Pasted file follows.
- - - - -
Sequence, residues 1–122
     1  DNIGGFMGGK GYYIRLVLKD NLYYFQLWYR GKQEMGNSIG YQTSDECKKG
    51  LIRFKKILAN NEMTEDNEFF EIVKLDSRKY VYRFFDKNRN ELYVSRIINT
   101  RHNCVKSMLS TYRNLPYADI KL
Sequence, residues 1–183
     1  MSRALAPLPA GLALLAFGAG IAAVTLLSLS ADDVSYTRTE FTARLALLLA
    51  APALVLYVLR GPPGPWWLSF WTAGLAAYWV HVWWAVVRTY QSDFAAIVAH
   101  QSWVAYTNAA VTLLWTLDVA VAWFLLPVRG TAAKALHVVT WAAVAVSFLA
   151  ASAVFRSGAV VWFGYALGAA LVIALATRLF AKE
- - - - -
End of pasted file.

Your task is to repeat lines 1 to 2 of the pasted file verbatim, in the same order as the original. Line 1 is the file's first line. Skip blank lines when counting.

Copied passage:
Sequence, residues 1–122
     1  DNIGGFMGGK GYYIRLVLKD NLYYFQLWYR GKQEMGNSIG YQTSDECKKG